She doesn’t remember herself as being different from her classmates, though she will concede that they may have felt it in her eagerness to practise, in her willingness to miss out on the fun, to be in almost every school show, the jazz band, to study piano, take ballet and tap classes.
Her career answered them.
New York’s various undergrounds can make for a disciplined apprenticeship, and Gaga takes pride in her earliest fan base of art, fashion, and music students.
(“My artpop could mean anything,” a song of hers goes.)
Her eclectic music videos are theatrical: Full of depth, volume, costume and colour, every move thought out to the edges of the frame.
She has collaborated with Robert Wilson, master of avant-garde theatre, making in 2013 the controversial video Flying, in which she is bound nude and hoisted aloft.
(“Do what you want with my body,” she sang in another song. “You can’t stop my voice.”)
In a series of video portraits, also from 2013, Wilson had Gaga portray, among other images from European painting, the head of John the Baptist on a charger.
And she keeps branching out; she can’t see spending her life keeping up with the kids.
“I wanted to become a woman,” she said of the album of jazz standards she released in 2014 with Tony Bennett.
“My audience went: ‘Wait, why is she singing jazz? What’s going on?’ And then they went: ‘Oh, because she can, because she loves it.’
“And jazz — a music invented by the African-American community — is the greatest art form, I believe, to have ever come out of this country.”
She knows the history, and what it means to be a white artist singing jazz, but when she was a kid she did not “process music in a racial way or in a gender way”.
She was, she said, just listening.
Though she did not grow up a black girl, “I can feel and see the fear and the power of it”, she said.
“The justice system is broken. I have seen what I’ve gone through with [the LBGT community], or what I feel I’ve gone through with them on a spiritual level. When there’s justice and change, you start to see the cleansing of the soul and that is what I want for people, and I hope it’s okay for me to say those things.”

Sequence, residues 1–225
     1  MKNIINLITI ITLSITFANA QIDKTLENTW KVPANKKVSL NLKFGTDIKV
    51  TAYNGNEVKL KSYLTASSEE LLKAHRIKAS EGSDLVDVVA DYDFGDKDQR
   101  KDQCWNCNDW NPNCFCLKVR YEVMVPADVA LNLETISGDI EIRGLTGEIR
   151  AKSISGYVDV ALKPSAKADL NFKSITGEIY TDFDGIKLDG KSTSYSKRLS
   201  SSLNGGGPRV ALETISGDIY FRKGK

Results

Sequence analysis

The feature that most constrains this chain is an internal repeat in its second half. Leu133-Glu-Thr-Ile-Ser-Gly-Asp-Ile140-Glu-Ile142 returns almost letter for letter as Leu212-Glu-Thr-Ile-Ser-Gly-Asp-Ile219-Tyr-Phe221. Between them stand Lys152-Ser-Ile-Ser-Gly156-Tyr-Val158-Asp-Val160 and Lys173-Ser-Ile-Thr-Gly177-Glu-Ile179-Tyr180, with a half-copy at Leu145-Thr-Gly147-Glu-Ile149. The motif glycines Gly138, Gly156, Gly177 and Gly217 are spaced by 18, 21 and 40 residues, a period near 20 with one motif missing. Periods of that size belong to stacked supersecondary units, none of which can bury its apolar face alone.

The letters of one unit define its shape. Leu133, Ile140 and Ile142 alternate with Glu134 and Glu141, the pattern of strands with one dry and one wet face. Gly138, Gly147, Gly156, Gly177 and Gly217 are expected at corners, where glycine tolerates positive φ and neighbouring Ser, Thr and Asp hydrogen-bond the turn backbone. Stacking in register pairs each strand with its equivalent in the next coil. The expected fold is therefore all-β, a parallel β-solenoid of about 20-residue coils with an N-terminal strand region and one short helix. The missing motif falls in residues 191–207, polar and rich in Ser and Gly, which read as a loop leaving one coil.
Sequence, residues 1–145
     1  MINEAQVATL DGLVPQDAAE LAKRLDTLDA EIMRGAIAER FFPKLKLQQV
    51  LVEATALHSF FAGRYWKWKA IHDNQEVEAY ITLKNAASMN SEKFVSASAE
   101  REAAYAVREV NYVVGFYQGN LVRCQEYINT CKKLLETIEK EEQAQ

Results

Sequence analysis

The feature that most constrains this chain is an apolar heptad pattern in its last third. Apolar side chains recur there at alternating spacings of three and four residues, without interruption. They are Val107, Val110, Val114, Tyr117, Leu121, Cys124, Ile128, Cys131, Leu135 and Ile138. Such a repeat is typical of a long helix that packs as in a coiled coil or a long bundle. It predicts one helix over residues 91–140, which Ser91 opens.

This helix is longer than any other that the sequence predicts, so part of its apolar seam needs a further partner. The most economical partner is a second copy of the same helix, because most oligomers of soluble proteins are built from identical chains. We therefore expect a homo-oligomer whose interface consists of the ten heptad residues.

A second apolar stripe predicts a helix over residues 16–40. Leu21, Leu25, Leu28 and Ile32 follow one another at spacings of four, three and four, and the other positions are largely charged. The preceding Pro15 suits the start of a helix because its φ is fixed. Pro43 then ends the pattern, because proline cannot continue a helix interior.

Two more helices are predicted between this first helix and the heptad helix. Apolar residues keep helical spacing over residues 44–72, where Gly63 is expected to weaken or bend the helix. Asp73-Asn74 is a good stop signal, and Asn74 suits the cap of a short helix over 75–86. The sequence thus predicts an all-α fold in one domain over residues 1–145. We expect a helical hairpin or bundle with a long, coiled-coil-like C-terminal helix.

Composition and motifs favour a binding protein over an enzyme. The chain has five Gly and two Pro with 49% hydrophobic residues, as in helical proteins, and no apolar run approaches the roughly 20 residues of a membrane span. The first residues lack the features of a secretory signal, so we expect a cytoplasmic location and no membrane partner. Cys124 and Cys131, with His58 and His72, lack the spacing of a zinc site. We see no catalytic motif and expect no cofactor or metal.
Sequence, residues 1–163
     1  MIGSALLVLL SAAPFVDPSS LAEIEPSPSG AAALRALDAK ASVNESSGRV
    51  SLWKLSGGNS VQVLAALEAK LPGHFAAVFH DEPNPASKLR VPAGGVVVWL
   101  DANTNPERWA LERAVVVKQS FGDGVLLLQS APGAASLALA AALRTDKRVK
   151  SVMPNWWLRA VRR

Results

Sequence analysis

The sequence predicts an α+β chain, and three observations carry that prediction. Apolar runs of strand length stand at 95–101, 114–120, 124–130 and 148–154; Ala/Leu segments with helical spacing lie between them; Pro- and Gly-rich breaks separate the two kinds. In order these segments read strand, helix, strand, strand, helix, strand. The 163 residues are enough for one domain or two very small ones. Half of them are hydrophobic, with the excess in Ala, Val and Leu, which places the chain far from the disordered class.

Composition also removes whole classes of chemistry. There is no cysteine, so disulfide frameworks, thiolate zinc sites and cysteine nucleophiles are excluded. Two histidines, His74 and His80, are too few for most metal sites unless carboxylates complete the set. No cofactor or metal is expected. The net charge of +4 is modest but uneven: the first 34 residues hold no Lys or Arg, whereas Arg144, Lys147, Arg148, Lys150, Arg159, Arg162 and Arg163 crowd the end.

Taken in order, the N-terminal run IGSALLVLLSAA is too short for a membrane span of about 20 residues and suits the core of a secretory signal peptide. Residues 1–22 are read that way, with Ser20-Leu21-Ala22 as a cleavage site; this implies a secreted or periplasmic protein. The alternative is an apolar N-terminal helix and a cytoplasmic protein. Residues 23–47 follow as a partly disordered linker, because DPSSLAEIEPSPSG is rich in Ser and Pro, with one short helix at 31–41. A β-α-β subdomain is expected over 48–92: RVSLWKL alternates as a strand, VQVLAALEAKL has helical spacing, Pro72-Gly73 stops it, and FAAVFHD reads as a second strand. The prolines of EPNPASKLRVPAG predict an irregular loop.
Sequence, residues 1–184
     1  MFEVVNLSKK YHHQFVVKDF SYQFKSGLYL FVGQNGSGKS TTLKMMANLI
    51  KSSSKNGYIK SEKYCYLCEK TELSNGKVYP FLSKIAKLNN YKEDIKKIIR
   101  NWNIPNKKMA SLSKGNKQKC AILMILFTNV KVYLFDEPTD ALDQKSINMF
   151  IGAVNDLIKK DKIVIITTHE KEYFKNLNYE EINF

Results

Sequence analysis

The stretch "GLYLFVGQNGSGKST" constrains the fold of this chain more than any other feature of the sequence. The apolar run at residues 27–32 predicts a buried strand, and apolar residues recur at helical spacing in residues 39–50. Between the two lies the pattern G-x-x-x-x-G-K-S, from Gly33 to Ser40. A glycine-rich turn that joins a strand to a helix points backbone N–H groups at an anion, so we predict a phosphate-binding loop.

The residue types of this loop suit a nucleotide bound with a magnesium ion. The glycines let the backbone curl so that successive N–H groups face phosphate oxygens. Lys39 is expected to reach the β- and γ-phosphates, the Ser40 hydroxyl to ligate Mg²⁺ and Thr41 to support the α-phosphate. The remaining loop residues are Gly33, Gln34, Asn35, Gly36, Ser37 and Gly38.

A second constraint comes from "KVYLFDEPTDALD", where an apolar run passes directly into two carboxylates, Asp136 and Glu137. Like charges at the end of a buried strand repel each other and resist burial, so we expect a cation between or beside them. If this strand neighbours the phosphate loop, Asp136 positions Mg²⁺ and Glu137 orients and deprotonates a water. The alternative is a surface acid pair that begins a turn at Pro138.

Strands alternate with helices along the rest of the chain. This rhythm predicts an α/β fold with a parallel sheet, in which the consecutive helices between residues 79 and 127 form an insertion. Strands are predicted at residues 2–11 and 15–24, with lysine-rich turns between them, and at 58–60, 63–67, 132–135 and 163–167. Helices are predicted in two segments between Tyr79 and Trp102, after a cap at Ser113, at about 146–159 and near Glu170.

Being a woman has given her perspective and a capacity for identification with marginalized groups.
“I became obsessed with writing their stories in musical form,” said Gaga, who sings about fragility while kicking butt rhythmically.
“It’s an endless proving of myself, that I really am a musician, that I have something to offer in the room. That women can be musicians, women can be rock stars, women can be more than an objectified idea of a pop star.”
Gaga chafed at her classical education in the arts because the call of pop and rock was already so strong in her — all along, the artist had been gathering.
Lawrence encouraged her to write songs, which she admitted can be challenging.
“I get blocked by my own trauma, sometimes,” she said.
“The darkness, the loop of negative thoughts on repeat, clamours and interferes with the music I hear in my head.
“When I’m making music, I can hear all the parts, all the instruments.
“I can hear what it should be.”
She remembered an interview with John Lennon in Playboy.
He talked about how he couldn’t listen to some of the Beatles’ biggest records because the creative process had been so intense — to hear the music again took him back to the insanity.
“[When writing] You start to get into a zone — what I would also describe as a mindfulness.
“You have to be aware that there are unwanted things coming in, but there is clarity in there, too, and you have to find it.”
Gaga is not interested in the romanticism of self- destruction, but she did learn something even more important from Lennon.
“Nerve,” she said. “You just have to have nerve.”